The percentage of Americans without health insurance rose in the second quarter of 2017, according to a Gallup-Sharecare survey.
The uninsured rate increased to 11.7%, the second quarterly increase in a row after the rate hit a record low of 10.9% in the third and fourth quarters of 2016. The uninsured rate was 11.3% during the first quarter.
Gallup-Sharecare said the rate still well below the peak of 18.0% in 2013 — just before the launch of the Affordable Care Act’s individual insurance exchanges. But it represents a significant uptick since the end of last year.
“Although the increase in the uninsured rate from the end of 2016 to Gallup’s most recent update is small on a percentage basis (0.8 points), it is statistically significant given the very large sample sizes involved, and translates into nearly 2 million Americans who, apparently, have already dropped out of the insured ranks,” a post from Gallup-Sharecare said.
The result comes from a survey of more than 45,000 people over the second quarter.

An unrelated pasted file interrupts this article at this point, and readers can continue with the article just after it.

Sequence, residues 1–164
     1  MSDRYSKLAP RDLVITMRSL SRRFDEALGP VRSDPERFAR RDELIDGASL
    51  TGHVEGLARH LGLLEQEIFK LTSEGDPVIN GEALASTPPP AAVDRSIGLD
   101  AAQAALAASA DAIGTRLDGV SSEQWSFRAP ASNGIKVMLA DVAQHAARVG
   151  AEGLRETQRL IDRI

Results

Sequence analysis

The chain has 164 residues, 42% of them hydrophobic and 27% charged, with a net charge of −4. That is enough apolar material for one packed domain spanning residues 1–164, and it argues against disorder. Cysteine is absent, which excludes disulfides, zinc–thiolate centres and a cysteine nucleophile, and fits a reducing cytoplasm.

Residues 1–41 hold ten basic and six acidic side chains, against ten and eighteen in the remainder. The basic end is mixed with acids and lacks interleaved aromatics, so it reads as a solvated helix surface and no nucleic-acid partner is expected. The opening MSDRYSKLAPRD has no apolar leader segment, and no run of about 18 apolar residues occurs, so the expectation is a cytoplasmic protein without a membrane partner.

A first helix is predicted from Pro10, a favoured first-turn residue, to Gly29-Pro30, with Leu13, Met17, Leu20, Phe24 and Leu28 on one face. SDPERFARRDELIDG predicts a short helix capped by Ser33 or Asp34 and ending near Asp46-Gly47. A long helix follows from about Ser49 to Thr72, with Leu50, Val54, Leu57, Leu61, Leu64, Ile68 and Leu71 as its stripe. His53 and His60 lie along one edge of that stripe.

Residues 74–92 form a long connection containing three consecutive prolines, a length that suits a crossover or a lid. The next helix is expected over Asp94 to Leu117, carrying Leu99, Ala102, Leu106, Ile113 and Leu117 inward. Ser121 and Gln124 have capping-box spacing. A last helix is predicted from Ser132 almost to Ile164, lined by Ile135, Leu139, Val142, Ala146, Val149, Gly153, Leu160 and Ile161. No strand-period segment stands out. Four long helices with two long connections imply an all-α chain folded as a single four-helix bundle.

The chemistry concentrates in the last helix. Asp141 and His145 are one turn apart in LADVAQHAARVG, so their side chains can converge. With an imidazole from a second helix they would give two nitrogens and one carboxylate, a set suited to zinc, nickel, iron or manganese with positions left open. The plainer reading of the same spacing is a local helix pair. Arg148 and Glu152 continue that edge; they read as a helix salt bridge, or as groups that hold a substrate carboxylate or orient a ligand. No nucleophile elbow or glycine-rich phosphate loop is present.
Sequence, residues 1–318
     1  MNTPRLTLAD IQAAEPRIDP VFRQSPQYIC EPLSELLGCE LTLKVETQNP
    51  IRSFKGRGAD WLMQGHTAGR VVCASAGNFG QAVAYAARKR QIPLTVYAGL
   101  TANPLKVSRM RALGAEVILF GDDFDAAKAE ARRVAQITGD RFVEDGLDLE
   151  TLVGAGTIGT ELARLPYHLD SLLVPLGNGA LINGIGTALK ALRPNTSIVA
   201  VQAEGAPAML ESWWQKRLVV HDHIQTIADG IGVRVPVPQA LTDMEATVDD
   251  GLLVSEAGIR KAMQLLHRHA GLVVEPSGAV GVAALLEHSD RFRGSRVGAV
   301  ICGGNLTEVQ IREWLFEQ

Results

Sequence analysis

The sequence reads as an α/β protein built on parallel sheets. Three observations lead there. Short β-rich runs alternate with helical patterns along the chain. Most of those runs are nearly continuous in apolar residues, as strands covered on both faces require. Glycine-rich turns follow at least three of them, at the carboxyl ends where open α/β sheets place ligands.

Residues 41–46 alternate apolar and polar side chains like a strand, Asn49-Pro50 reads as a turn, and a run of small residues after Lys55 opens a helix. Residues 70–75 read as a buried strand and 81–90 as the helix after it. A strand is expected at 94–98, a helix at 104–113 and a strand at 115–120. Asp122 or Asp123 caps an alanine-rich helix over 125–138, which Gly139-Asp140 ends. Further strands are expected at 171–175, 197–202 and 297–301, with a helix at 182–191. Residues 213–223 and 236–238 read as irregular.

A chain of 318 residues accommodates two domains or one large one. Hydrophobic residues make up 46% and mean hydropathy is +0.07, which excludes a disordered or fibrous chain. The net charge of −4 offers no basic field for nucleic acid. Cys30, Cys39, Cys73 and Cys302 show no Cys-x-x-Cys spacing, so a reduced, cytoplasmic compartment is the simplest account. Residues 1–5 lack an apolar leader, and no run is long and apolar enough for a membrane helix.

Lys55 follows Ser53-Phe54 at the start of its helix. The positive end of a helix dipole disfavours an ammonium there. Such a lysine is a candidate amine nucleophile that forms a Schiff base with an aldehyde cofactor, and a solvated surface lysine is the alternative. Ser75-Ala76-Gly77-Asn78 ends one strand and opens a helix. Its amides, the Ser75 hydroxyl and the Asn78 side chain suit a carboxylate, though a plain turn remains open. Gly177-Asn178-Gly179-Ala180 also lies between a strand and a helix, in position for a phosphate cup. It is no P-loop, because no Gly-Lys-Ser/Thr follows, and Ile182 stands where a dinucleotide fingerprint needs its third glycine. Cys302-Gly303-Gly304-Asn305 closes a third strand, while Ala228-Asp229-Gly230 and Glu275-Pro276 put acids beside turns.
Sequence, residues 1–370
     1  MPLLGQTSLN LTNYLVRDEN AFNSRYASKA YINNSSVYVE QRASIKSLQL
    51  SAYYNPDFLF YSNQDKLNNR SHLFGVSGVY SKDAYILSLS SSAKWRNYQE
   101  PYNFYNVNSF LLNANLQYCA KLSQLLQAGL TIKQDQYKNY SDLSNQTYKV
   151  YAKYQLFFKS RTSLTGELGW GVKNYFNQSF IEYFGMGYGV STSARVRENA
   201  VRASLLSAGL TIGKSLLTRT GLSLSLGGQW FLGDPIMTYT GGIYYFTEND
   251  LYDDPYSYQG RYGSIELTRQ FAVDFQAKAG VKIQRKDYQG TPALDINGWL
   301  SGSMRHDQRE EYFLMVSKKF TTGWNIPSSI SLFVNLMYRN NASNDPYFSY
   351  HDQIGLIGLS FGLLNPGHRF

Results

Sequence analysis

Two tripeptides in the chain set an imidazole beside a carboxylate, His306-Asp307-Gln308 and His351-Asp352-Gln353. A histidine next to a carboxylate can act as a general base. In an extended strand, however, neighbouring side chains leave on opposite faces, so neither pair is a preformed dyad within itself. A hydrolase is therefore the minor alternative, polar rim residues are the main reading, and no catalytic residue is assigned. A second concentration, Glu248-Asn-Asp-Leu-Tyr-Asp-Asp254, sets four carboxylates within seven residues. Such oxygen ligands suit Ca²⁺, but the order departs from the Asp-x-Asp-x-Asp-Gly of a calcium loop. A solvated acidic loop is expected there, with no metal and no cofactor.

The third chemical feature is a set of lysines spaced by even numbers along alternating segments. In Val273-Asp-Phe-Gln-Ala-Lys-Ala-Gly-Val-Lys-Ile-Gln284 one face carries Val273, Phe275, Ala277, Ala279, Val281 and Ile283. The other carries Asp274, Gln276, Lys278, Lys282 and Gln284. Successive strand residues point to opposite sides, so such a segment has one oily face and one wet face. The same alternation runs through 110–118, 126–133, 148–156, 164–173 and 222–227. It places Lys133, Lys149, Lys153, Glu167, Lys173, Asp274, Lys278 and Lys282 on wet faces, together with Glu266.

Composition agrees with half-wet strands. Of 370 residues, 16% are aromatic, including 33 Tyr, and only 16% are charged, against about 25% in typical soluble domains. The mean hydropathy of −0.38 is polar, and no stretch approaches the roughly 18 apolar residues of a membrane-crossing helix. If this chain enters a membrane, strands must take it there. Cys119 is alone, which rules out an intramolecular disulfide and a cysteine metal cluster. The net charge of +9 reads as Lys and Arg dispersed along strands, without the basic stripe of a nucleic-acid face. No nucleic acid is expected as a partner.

Gallup-Sharecare cited a few possible reasons the uninsured rate could be increasing, such as higher premiums and insurer exits from the Obamacare markets. The post also cited uncertainty in Washington as a possible factor.
“Uncertainty surrounding the healthcare law also may be driving the increase. President Donald Trump’s executive order permitting agencies to waive or delay provisions that ‘impose a fiscal burden’ on individuals, as well as the prospect of a new healthcare law may be causing consumers to question whether the penalty for not having insurance will be enforced,” Gallup-Sharecare said.
Republicans in the Senate are currently debating a law that would repeal major parts of Obamacare.